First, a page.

In the United States, only rarely a labor induction or hysterectomy used for molar evacuation. Both will likely increase blood loss and may increase the incidence of persistent trophoblastic disease.

Hysterectomy

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If no further pregnancies are desired, hysterectomy may be preferred to suction curettage. It is a logical procedure to woman aged 40 and older, because at least a third of these woman go on to the develop persistent gestational trophoblastic neoplasia. Although hysterectomy does not eliminate this possibility, it markedly reduces its likelihood. Finally, hysterectomy is an important adjunct to treatment of chemoresistant tumors.

Prognosis

The cure rate for a hydatidiform mole is virtually 100% if the mole has not spread. The cure rate is 60 to 80% for choriocarcinoma that has spread widely. Most women can have children afterwards and do not have a higher risk of having complications, a miscarriage, or children with birth defects.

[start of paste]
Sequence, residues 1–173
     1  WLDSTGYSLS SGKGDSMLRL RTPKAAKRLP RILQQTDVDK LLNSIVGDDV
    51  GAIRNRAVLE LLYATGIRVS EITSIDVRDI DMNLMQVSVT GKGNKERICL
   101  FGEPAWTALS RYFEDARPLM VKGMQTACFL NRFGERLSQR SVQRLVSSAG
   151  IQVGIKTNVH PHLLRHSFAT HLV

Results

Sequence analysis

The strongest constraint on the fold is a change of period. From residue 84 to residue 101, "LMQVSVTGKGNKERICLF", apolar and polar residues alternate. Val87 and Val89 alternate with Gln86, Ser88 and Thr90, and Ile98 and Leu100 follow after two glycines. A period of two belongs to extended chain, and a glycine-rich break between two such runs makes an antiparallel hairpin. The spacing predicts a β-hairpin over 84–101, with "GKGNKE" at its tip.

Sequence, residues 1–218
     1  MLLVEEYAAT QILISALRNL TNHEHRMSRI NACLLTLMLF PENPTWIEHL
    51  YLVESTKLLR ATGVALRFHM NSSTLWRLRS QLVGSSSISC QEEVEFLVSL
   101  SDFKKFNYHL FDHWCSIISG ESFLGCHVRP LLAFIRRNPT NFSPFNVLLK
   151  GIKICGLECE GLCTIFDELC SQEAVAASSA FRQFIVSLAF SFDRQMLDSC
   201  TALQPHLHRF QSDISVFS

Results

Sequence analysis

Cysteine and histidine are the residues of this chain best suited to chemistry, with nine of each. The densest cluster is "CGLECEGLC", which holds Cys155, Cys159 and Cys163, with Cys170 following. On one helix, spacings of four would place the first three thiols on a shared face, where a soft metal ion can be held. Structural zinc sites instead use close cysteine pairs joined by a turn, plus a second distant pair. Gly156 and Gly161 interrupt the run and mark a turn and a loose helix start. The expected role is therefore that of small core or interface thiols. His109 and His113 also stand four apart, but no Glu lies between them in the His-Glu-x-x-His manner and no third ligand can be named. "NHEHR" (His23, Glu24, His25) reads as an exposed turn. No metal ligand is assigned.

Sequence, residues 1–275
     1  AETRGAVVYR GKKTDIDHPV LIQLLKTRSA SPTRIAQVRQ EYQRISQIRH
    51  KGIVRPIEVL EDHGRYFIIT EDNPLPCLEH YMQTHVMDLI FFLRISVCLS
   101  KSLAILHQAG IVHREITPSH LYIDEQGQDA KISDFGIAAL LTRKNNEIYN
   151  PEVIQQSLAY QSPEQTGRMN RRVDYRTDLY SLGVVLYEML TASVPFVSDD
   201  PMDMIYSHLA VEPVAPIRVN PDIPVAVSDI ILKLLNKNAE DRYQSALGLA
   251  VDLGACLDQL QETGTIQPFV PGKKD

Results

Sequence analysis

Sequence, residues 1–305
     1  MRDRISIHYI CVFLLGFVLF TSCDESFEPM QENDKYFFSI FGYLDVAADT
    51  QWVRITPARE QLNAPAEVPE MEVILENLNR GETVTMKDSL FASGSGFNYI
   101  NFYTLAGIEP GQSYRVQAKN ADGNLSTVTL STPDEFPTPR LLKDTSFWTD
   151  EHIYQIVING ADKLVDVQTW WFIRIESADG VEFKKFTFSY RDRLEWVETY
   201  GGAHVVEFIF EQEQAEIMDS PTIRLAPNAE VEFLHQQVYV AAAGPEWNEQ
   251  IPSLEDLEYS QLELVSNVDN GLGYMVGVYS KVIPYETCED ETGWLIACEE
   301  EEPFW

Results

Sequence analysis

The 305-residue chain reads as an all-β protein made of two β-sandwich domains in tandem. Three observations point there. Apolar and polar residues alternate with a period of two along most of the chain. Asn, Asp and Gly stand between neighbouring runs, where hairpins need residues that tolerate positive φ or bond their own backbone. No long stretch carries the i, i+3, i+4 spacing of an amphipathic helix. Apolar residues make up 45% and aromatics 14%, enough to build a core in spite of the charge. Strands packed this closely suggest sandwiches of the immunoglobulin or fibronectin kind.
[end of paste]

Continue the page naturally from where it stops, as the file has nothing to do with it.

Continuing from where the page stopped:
About 1% of women who have had a hydatidiform mole have another one. So if

women

have

had

a

hydatidiform

mole,

ultrasonography

is

done

early

in

subsequent

pregnancies.

 

CONCLUSION

Hydatidiform mole is more common at the extremes of reproductive age. Women in their early teenage or perimenopausal years are most at risk. Women older than 35 years have a 2-fold increase in risk. Women older than 40 years experience a 5- to 10-fold increase in risk compared to younger women. Parity does not affect the risk.

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REFERENCES

  • 1. Cunningham FG, Leveno KJ, Bloom SL, Hauth JC, Rouse DJ, et al. Williams Obstetrics. Mc Graw Hill Medical. 23rd edition. 2010:257-61.